Photo of a PoppyPrivate Hugh Jamison (or Muir)

Australian Imperial Force

Died 8 May 1915

On 23 December 1914 at Rochford, Victoria, Hugh Jamison joined the Australian army stating that he was born in Wigtown, was 40 years old and had no living next of kin. Almost 6 feet tall with a dark complexion, brown eyes and iron grey hair he began a short period of training. On the 5th April 1915 he embarked on the SS Mashobra bound for Gallipoli. A month later, on 8th May, he was reported missing and was never seen again. He was declared dead by a court of enquiry a year later. A fellow soldier claimed to be Jamison’s friend and the beneficiary of his will as there was no known living relative.

After the armistice Mrs Mary Ann Muir approached the Australian authorities. Living in Liverpool she stated that Hugh Jamison was actually her husband, Hugh Muir, and produced an extract of his will stating that she was his beneficiary.

Hugh Muir was born in Wigtown round about 1868, the son of Samuel Muir and Helen Muir (nee Jamieson). In 1871 the family was living at South Main Street and in 1881 at Salt Box Brae, Newton Stewart. By 1891 Hugh was a printer compositor and lodging at Arthur Street. At the end of December 1900 he married Mary Ann McClory at West Derby, Liverpool; the census of 1901 shows the Muirs living in Liverpool with Hugh continuing his printing work. Four children were born to the Muirs in the next ten years, the eldest being Alexander Jamieson Muir. However, the 1911 census shows Mary Ann living in Liverpool with the children, but no sign of her husband. Emigration records show a Hugh Muir of around the right age sailing from London on the SS Fifeshire on 21 August 1910, bound for Melbourne.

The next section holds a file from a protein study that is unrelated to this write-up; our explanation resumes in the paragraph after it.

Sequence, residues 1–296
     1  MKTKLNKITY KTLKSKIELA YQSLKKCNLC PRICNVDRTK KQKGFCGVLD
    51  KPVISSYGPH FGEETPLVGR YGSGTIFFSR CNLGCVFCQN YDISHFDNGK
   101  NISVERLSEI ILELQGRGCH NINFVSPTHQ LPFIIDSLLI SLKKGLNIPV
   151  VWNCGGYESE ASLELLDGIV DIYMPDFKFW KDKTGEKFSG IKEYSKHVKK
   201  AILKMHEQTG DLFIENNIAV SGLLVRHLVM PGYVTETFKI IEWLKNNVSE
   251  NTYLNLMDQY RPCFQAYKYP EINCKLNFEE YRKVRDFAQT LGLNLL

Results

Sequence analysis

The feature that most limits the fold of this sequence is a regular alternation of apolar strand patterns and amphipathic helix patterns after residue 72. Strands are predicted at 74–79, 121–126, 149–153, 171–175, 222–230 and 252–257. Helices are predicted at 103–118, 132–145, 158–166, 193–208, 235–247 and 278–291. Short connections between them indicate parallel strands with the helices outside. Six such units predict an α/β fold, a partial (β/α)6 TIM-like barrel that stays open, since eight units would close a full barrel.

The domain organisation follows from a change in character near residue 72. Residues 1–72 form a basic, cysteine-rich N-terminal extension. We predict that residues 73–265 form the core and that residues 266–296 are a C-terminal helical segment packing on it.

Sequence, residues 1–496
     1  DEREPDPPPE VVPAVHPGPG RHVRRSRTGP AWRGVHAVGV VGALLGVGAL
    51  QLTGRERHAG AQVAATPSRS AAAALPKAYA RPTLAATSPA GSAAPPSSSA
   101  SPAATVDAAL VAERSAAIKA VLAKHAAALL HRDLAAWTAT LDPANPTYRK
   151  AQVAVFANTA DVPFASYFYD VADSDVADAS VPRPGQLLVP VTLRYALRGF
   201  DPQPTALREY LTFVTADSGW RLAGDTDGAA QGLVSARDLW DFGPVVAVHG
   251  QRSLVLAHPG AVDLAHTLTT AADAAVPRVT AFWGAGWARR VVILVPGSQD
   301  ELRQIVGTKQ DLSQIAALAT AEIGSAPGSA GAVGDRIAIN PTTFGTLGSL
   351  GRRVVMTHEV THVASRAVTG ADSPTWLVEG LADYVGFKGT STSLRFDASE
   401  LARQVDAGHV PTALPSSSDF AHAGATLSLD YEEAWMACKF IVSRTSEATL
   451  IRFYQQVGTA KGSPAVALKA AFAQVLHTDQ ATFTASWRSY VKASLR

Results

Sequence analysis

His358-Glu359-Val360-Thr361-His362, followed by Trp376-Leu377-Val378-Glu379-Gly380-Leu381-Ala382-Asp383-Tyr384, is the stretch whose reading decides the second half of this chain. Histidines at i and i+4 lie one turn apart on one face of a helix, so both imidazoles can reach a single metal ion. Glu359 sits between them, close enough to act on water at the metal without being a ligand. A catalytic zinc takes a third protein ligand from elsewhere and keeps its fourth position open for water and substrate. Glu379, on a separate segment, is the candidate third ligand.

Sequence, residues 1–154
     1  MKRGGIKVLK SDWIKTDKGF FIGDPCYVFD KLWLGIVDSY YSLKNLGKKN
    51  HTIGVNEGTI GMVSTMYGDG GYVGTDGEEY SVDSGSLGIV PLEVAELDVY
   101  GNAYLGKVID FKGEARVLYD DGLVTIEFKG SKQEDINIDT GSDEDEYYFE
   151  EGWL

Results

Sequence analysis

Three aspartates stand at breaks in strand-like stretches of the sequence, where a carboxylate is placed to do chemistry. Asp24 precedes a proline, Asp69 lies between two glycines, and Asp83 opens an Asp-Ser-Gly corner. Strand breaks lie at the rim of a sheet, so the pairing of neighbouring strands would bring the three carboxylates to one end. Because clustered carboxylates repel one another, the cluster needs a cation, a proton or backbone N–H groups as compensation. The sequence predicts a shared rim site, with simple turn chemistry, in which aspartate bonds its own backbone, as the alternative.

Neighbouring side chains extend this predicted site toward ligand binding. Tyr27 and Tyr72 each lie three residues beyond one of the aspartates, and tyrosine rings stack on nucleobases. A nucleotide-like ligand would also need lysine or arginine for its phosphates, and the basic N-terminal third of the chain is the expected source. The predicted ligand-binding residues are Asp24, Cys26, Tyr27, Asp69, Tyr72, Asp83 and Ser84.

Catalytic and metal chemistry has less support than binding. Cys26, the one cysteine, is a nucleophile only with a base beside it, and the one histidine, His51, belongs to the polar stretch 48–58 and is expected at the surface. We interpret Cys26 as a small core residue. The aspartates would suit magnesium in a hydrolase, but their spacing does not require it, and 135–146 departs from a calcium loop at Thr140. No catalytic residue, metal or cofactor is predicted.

It appears that there was some sort of family rift which led to Hugh Muir leaving for Australia and adopting his mother’s maiden name. How Mary Ann discovered her absent husband’s death is not known. Hugh Jamison is remembered on the Helles Memorial which serves the dual function of Commonwealth battle memorial for the whole Gallipoli campaign and place of commemoration for many of those Commonwealth servicemen who died there and have no known grave. The United Kingdom and Indian forces named on the memorial died in operations throughout the peninsula, the Australians at Helles. There are also panels for those who died or were buried at sea in Gallipoli waters. The memorial bears more than 21,000 names.